Autonomous tech could save the MPV says Hyundai design boss
Hyundai design boss Luc Donckerwolke sees light at the end of the tunnel for the much-maligned mini MPV and confirms ix20 replacement
Hyundai design boss Luc Donckerwolke believes that autonomous vehicle technology and electric powertrains could help to extend the life of the small MPV - and he has admitted that a successor to the ix20 is in the pipeline.
The Korean brand’s baby people-carrier - a low-volume model in the UK - had been expected to be canned after the launch of the new Kona small SUV. However, Donckerwolke - who joined Hyundai at the start of 2016 as Senior Vice-President Design, says that MPVs could be well suited to the flexibility afforded by self-driving cars, and able to maximise the practicality offered by the removal of a combustion engine.
When asked if he had a replacement for the ix20 on the drawing board, Donckerwolke replied, “Yes, we do. We don’t call it the ix20 yet but yes, it’s there.”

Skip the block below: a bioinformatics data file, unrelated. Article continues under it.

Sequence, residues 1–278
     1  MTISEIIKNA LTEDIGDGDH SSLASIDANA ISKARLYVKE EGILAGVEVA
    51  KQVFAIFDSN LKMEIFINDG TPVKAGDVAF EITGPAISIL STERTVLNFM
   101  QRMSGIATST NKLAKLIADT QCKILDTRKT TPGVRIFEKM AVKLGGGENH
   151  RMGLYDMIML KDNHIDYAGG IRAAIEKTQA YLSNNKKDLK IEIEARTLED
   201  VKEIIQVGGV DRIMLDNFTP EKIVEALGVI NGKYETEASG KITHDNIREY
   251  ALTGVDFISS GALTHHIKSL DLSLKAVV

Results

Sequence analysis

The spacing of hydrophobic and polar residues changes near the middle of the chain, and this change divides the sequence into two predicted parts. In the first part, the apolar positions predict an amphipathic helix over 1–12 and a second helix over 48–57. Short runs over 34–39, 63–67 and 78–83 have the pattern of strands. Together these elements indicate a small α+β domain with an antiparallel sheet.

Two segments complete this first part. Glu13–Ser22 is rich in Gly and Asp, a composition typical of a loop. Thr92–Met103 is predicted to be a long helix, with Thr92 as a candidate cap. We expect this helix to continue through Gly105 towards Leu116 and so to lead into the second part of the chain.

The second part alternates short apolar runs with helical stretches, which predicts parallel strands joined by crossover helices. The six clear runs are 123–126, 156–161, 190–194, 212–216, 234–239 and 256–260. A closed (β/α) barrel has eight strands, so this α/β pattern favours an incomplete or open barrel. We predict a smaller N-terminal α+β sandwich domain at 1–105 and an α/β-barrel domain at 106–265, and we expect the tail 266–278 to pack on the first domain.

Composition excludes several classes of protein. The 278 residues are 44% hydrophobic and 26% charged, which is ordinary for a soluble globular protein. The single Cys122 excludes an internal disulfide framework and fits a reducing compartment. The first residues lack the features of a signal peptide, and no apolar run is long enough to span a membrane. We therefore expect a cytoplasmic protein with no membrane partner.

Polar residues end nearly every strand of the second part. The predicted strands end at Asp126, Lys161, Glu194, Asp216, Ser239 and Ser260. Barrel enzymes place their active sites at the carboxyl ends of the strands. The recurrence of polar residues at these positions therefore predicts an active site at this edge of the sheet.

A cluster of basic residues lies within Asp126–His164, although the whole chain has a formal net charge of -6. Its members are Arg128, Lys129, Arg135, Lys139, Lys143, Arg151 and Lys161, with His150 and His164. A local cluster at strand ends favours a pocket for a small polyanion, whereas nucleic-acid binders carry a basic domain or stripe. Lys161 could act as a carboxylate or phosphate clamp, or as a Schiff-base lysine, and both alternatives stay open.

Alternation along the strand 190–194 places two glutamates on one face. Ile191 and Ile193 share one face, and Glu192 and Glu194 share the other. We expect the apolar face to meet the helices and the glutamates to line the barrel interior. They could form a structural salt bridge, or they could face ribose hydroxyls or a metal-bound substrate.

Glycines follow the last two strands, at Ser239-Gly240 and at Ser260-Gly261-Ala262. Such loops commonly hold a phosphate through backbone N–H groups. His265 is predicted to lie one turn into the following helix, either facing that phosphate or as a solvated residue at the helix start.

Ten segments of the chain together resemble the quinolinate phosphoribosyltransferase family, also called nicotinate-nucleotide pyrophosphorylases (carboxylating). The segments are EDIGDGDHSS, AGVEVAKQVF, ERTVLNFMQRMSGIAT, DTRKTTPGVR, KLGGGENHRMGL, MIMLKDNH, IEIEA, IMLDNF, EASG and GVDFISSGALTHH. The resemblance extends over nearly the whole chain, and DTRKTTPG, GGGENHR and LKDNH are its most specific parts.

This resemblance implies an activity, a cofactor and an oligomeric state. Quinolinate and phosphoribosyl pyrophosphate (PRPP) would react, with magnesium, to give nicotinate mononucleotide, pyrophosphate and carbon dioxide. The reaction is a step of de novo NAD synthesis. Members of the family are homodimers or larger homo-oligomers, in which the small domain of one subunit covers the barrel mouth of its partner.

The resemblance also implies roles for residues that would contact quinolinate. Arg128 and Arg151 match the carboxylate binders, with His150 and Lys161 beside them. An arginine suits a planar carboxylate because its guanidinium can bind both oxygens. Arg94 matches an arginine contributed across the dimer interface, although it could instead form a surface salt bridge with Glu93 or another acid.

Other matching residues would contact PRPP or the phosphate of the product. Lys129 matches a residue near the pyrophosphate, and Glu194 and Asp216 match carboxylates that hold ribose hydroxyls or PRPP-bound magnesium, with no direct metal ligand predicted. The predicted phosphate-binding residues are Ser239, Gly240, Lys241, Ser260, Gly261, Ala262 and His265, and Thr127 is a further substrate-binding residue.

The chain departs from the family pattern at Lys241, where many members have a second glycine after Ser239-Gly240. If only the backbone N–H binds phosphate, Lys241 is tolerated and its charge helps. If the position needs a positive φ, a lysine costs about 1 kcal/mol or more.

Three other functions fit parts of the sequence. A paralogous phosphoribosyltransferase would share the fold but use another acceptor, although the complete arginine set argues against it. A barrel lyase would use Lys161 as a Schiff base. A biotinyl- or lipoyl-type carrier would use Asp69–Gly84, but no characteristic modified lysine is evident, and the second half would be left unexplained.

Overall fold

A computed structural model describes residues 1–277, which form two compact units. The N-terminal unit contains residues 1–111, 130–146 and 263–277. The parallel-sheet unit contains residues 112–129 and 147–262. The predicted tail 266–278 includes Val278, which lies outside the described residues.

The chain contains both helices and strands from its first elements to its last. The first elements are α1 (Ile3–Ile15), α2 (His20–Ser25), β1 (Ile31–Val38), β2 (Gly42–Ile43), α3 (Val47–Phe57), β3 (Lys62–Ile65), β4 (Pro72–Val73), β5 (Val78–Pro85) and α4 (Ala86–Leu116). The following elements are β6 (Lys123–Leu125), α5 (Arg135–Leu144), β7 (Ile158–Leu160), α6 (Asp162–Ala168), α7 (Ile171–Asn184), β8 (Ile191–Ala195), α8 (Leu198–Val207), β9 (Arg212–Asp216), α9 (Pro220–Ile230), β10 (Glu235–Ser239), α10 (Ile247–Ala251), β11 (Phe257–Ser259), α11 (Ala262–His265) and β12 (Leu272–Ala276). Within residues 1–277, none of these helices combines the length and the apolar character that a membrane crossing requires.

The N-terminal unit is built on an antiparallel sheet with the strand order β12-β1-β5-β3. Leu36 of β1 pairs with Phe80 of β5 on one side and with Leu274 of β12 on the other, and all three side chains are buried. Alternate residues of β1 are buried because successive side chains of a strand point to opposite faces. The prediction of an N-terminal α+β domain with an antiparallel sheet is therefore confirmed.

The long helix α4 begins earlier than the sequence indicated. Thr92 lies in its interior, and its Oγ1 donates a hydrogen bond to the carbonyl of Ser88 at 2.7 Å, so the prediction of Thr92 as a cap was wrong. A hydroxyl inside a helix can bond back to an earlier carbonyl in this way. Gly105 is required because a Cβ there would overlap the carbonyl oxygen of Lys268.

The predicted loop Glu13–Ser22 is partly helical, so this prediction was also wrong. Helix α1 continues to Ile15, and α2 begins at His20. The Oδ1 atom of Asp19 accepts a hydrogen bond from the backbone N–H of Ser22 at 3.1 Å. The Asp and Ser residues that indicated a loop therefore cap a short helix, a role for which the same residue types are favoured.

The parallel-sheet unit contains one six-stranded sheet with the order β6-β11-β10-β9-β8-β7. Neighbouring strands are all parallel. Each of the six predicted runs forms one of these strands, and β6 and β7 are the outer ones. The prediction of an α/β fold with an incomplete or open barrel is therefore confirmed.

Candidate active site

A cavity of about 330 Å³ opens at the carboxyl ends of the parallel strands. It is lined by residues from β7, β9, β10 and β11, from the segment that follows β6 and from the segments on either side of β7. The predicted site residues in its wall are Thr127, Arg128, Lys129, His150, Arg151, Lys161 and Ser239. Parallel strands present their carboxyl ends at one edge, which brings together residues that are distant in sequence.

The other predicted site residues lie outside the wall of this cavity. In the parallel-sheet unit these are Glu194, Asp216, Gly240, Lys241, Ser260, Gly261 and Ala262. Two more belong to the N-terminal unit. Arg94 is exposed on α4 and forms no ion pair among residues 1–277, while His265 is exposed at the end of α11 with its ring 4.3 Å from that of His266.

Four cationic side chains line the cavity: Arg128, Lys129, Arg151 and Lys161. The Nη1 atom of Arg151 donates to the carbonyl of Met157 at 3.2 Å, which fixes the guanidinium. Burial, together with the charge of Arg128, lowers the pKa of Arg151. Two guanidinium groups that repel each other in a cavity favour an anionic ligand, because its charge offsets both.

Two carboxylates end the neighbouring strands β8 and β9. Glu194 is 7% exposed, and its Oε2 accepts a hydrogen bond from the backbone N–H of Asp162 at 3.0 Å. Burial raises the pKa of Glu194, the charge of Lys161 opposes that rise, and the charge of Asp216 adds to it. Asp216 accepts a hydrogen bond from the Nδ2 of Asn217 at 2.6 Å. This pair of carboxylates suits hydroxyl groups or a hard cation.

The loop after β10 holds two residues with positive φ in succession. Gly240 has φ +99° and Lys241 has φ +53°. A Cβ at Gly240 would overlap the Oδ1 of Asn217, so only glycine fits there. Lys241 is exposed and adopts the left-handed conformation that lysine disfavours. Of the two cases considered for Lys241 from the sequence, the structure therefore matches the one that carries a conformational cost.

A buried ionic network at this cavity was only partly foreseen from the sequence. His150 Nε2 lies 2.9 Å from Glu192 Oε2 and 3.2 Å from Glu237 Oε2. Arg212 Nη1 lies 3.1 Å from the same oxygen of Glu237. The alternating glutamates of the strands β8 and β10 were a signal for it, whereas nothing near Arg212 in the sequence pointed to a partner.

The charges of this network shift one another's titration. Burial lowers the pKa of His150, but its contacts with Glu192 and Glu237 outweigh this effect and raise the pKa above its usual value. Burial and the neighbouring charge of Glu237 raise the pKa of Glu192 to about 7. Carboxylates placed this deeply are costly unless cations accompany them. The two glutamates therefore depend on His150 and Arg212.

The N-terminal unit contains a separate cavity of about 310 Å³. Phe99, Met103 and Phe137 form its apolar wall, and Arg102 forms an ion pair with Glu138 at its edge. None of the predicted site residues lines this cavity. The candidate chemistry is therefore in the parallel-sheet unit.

He added, “The SUV has contaminated all segments of the market, really, due to this ‘adventure flavour’, which cannot be reached with an MPV. The SUV gives you functionality along with the alibi that you are a dynamic person. It conveys the impression that you have a lot of lifestyle. It’s a pure marketing thing, really.
“We are at the point of a shift now, with what’s going to happen with autonomous vehicles. And if you have all of that assistance, why would we confine ourselves to the package that we currently had? Even more so when you have electrification. That’s exploding the whole theory of the packaging and the layout.
“So looking ahead, the MPV - by which I mean the sense of the maximum utilisation of the space you are occupying with the floor of the car - is going to become a necessity, and almost a logical approach. But we’re talking about 10 or 15 years from now.”
Donckerwolke was not responsible for the Kona - a car he says will have “unique elements” that will not be shared with other models in the Hyundai line-up - because he joined after the manufacturer’s California studio won the internal concept competition for the car’s design.
But he’s preparing a new design language that’s likely to be introduced on the next Sonata, due by 2019. “I’m really excited about the next Sonata,” he said, “because it’s the one that’s going to relaunch the design of Hyundai. I think for the brand Hyundai, at the moment, it’ll be a big step forward. We’ve frozen the design of it already and it’s making a big change.”
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